The nuclear power plants proposed for Poland will be equipped with Generation III reactors, ensuring the safety of the population even in the event of a major meltdown, considered as a hypothetical accident occurring less than once in a million years (Figure 2.5).

In contrast, probabilistic safety analyses, which take into account even the extremely improbable simultaneous occurrence of all possible external risks, damage to the power station’s systems and human error resulting in a complete meltdown of the core, have shown that, in the case of modern Generation III(+) reactors to be built in Poland, the potential danger is limited to the immediate vicinity of the power station. The results of the actual calculations for the delimitation of the restricted use zone around the planned Żarnowiec NPP are presented in Figure 2.6.

Figure 2.5 Generation III reactors – the EPR and AP1000 – provide a reduction in the probability of failure hundreds of times below US nuclear regulatory requirements. Own figure.

The laws and regulations in force in Poland ensure that sufficient funds are set aside during the operation of nuclear power plants for the disposal of radioactive waste and for decommissioning. All in all, nuclear energy is recognised as the most humane and environmentally friendly, and the nuclear fuel resources ensure that the effort to build nuclear power plants and fuel cycle plants will be a good investment for hundreds of years.

Atom and the Polish issue

At the end of 2019, the installed electrical capacity in Poland was more than 47 GW, of which 38 GW was in commercial power generation [20]. Moreover, as Figure 3.1 illustrates, electricity demand, even on a monthly basis, is not constant.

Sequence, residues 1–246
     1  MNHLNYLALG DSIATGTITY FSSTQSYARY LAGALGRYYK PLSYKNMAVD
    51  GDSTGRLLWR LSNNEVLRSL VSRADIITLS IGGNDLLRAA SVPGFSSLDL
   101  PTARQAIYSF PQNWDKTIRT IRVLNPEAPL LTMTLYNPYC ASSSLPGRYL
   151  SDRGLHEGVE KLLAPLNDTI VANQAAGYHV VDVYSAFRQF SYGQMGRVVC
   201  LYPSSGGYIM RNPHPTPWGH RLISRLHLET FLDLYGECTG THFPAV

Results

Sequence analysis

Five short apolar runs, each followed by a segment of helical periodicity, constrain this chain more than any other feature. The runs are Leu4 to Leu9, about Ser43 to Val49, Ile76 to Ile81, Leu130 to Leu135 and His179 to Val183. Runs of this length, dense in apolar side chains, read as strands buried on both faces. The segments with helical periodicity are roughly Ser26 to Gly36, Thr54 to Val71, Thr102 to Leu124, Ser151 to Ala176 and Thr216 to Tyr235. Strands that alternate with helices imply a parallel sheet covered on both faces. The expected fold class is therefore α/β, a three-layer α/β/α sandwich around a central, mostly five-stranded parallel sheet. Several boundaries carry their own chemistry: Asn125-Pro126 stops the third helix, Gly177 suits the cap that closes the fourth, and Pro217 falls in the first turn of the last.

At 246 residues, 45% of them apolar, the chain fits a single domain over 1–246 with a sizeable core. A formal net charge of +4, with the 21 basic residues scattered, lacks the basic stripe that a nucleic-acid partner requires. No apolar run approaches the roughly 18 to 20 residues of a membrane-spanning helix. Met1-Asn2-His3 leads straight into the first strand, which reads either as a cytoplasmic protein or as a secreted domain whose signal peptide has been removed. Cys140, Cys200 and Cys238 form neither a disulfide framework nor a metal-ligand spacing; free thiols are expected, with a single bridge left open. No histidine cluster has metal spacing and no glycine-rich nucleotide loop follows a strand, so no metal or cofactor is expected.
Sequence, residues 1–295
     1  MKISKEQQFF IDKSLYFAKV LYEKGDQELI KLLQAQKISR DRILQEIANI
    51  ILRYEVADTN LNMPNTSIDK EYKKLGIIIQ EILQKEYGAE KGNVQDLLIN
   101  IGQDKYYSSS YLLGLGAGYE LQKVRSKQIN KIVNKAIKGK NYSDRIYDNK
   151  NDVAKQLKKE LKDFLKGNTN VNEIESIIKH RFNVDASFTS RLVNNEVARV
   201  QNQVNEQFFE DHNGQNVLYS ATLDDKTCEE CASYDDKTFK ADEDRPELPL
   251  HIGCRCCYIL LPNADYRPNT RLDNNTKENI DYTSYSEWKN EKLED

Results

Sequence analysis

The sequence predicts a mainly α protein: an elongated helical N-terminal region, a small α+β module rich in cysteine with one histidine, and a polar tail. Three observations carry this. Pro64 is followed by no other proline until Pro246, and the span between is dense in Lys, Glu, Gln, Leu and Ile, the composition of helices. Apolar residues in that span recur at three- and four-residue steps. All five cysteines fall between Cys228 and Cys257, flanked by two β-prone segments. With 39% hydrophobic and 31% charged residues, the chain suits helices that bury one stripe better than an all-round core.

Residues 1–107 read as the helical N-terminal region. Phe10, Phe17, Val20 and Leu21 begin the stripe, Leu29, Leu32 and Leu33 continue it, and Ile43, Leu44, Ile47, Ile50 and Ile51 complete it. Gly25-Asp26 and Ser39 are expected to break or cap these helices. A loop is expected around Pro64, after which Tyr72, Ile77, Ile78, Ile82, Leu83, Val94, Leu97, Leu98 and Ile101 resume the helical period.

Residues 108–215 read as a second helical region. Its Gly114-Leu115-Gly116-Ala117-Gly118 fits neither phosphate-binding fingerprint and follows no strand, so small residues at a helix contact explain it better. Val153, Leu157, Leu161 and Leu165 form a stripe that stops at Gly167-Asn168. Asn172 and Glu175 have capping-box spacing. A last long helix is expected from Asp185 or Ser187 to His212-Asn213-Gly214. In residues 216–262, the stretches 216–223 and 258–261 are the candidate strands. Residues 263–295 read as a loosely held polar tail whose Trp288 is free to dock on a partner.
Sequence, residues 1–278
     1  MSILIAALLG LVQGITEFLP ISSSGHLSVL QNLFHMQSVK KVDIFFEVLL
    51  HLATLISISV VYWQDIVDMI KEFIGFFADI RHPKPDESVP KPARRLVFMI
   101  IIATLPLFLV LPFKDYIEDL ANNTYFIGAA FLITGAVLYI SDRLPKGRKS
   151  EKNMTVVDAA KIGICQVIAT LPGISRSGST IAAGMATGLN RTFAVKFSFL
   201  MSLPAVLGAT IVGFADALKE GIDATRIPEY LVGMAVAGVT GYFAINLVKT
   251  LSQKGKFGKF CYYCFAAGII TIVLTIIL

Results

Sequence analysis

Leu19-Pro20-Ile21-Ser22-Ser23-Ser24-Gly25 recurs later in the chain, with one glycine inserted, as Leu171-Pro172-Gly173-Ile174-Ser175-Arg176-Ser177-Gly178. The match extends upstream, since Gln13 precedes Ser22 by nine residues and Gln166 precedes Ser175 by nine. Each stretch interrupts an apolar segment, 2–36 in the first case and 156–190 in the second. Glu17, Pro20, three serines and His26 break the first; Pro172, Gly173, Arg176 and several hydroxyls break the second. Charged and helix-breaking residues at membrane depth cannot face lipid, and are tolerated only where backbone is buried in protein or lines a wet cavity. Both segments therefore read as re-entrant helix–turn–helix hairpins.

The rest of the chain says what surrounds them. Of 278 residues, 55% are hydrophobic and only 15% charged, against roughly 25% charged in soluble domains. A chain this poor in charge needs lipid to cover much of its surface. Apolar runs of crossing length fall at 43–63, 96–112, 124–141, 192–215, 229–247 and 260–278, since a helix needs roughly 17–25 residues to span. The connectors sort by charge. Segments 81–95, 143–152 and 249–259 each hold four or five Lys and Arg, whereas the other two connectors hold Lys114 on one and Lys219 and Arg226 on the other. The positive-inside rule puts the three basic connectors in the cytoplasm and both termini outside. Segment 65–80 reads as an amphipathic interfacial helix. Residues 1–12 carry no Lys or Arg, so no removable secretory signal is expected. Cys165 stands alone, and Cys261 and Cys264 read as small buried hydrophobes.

Figure 3.1: Actual electricity demand in February 2021. Weekends are marked in grey. Data from [21].

Predictions indicate that due to dynamic economic development, demand for electricity will increase, which induces the need to build new generation capacity. In light of this information, nuclear energy as a mature commercial low-carbon technology can make a significant contribution, and the assumption of the Polish Nuclear Power Plan (PPEJ) [22] to build 6 nuclear units of 6-9 GW capacity by 2040 does not represent a revolutionary change in the structure of the Polish electricity industry. It can also be seen that the power sources installed must have considerable flexibility. Moreover, if we want to implement the European Union’s policy (to reduce greenhouse gas emissions by at least 55% by 2030 compared to 1990[23]), intensive decarbonisation of the Polish energy market is necessary. It is also worth remembering that Poland stands out negatively in terms of air quality, incurring gigantic health costs, and although the power industry is not the main source of smog (it is mainly transport and heating small houses with solid fuel furnaces [24]), the electricity supply provided by nuclear energy at stable prices may contribute to changing this state of affairs (heating, development of electric transport).

Poland already has a legal framework created by the Atomic Law and adopted implementing regulations (in line with the standards and recommendations of the European Atomic Energy Community and the International Atomic Energy Agency) for the construction of a nuclear power plant. The long-term geological, seismic and meteorological studies required by law at possible NPP sites are also nearing completion.

According to the current PPEJ, 2 power plants with 3 reactors each are expected to be built by 2043, with a total installed capacity of 6-9 GW [22], with the construction of the first reactor foreseen for 2026-2033. This is reiterated in the Polish Energy Policy until 2040 [25].

The PPEJ shows that the first NPP will be built in Pomerania, near the village of Żarnowiec. The location of the second one is not known, but it is worth mentioning the possibility of building it near Bełchatów. The deposits in that area are running out, which means that Poland’s largest power station (over 5 GW of maximum capacity) will be left without fuel. It could therefore be replaced by a plant of similar capacity, in line with the green transformation of the region.